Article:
If you’ve ever been on the internet before, chances are you’ve stumbled across a list article or two about nutrition. They usually have such catchy titles as “10 foods to never eat” or “5 Healthy foods that will make your head explode”.
There seems to be a lot of general negativity in the world of health and food, with everyone appearing (on the surface at least) to want to cut out more foods than everyone else because that guarantees victory, optimal health and great abs.
Well, that’s not the case – not at all.
Truth is, there aren’t many foods out there which are objectively ‘bad for you’ and in the hunt for them we seem to have caused some collateral damage which I’d like to attempt, here, to un-do.
Here are my top 8 foods which generally appear on “DON’T EAT THAT” lists but which, really, aren’t so bad after all.
Some of them may not be the absolute best option every time, of course, but nutrition isn’t black and white – it’s a big old grey spectrum which changes all of the time depending on a massive amount of context.
Forgetting that is why we have spurious ‘superfoods’ and why you may have been told some of the below causes instant death.
Both ideas are misguided, so put down to Goji berries and let’s start re-introducing some old favourites.
White potatoes, in recent years, have been WAY overshadowed by their orange-y sweet cousins, the sweet potato.
The interesting thing is, nobody seems to actually have any idea why. Perhaps it’s because white potatoes are white and the advice to ‘avoid white carbs’ (which I’ll talk about in a second) swept them along for the ride?
Maybe it’s one or two epidemiological studies that show that people who eat them (including people who eat copious amounts of the deep fried, chipped variety or the deep stuffed, bacon sprinkled, breaded sort, and the occasional reformed waffle…) end to be fatter than those people who tend to not eat them.
Whatever the reason, the white potato has taken a really undeserved beating, and that beating is SO undeserved they make the top of this list.
Not only are potatoes really rich in fibre, potassium and vitamin C, they rank higher than ANY OTHER CARBOHYDRATE in terms of satiety (how full you feel).
Boiled white potatoes are, calorie for calorie, more filling than broccoli, than chicken breast and even more so than the sweet potato which has been considered the dieter’s friend.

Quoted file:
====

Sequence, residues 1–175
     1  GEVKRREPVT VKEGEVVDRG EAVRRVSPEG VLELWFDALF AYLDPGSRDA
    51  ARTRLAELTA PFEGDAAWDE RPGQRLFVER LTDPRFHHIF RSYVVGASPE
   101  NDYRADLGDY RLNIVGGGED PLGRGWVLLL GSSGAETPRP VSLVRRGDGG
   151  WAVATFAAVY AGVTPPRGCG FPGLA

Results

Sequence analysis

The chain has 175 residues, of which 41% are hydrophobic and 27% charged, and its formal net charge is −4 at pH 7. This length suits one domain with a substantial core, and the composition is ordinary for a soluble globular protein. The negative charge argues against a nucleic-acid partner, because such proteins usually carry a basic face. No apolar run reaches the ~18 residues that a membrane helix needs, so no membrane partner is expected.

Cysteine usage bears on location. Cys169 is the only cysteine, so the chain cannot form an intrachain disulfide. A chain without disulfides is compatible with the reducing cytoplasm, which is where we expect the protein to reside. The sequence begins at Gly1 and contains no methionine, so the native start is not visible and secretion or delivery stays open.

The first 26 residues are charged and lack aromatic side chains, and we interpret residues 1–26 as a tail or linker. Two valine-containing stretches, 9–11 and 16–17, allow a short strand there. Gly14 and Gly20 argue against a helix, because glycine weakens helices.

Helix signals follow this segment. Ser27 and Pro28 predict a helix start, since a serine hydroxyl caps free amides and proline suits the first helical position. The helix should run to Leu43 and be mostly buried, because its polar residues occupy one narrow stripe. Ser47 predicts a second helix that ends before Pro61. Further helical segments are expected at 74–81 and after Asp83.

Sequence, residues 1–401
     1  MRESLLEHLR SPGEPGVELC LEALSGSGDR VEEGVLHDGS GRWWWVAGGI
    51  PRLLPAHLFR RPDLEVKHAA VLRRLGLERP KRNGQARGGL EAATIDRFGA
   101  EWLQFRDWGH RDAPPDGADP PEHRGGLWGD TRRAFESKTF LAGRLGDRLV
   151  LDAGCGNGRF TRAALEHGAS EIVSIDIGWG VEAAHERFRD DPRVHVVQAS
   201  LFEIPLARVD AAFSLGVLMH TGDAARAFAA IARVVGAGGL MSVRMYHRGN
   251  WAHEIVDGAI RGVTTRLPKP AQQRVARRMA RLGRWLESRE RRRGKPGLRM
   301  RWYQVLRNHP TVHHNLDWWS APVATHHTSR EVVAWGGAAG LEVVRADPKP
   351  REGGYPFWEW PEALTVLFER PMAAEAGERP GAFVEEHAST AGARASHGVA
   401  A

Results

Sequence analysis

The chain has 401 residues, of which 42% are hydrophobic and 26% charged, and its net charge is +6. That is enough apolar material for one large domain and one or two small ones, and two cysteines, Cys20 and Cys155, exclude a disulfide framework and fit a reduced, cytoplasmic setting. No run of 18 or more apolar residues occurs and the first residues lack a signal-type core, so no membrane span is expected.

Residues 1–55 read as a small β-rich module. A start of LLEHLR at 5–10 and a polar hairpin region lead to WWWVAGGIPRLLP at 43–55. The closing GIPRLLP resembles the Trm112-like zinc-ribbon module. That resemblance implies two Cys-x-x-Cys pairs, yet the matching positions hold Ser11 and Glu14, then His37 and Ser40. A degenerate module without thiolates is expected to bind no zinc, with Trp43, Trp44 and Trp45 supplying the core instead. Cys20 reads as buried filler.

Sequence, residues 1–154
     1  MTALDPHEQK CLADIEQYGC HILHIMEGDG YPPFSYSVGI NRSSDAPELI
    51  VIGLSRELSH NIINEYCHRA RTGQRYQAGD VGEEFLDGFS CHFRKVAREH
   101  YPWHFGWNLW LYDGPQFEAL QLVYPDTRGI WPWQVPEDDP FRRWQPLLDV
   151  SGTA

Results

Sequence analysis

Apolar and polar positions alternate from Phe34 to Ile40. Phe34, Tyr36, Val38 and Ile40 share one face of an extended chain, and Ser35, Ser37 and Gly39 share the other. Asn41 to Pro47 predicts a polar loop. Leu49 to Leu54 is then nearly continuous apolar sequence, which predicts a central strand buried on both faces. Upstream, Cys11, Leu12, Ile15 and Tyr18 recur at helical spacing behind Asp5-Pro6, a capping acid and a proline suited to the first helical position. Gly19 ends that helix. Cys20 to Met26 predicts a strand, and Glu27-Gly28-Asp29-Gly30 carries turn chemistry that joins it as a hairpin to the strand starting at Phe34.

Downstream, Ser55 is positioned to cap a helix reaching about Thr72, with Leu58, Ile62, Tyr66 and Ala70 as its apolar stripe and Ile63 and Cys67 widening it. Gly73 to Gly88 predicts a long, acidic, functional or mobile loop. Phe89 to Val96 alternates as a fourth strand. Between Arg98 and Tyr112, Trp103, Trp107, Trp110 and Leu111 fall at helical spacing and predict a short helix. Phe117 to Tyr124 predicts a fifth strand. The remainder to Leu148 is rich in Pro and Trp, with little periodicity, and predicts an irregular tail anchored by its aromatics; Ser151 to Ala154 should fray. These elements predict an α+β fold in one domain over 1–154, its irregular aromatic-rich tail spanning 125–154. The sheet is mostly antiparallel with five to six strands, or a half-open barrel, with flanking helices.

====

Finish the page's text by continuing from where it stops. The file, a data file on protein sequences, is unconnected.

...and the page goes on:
Bake ‘em, roast ‘em, bake ‘em with some olive oil and herbs to make chips or simply boil, cool and throw on a salad. It’s time to welcome back the sweet potato’s pasty alter-ego, and we probably owe it an apology too.
In the wake of the Paleo movement, the low carb movement and the gluten-free movement, pasta pretty much stood no chance.
It's now "common knowledge"that pasta is bad for you and you should avoid it like the back end of a skunk, but again we need to think about this logically.
First of all, carbohydrates are a good thing – we need them to be awesome in the gym or on the field, and even if you have no intention of doing either of those things your brain and vital organs are pretty fond of carbs too.
And Gluten? Look – if you feel better not eating gluten that’s perfect, you shouldn't eat a food you are reactive too, it's only going to de-rail your chances of reaching optimal health.
Pasta is a great source of easy, cheap, store-able, portable and massively versatile carbohydrates. We love it, it tastes amazing, and it's not all that calorie dense.
If you opt for a wholeweat version you get a decent little protein source there too, and of course it's a brilliant vessel for getting veggies into children via spaghetti bolognaise or meatballs and sauce.
Pasta isn't your enemy; it's just misunderstood, much like our next food item…
Ask anyone for two healthy oils and you’ll hear olive and coconut just about every single time. Olive oil is great, and there’s some pretty robust data to show that the extra virgin variety does have some small beneficial effects when eaten as a part of the diet.
Olive Oil’s only downfall is that you can’t really cook with it – the impurities present in the oil burn really quickly which makes it taste bad, but also the heat alters the fatty acids present which remove some of the health-giving properties.
In steps coconut oil, the super-oil in vogue which promises almost as many benefits as olive oil (depending on whom you ask) but which can be cooked at high heat with no risk of spoiling the fats, owing to its high heat stability.
The problem here is that the health benefits of coconut oil aren’t actually that well displayed in the numerous studies we have on it, and as yet we don’t REALLY know whether the MCT oils present in it are good, neutral or even bad for us.
It’s one of the most expensive oils on the market, and it has a really distinct flavour which can be either highly pleasant or disgusting – again, depending on whom you ask.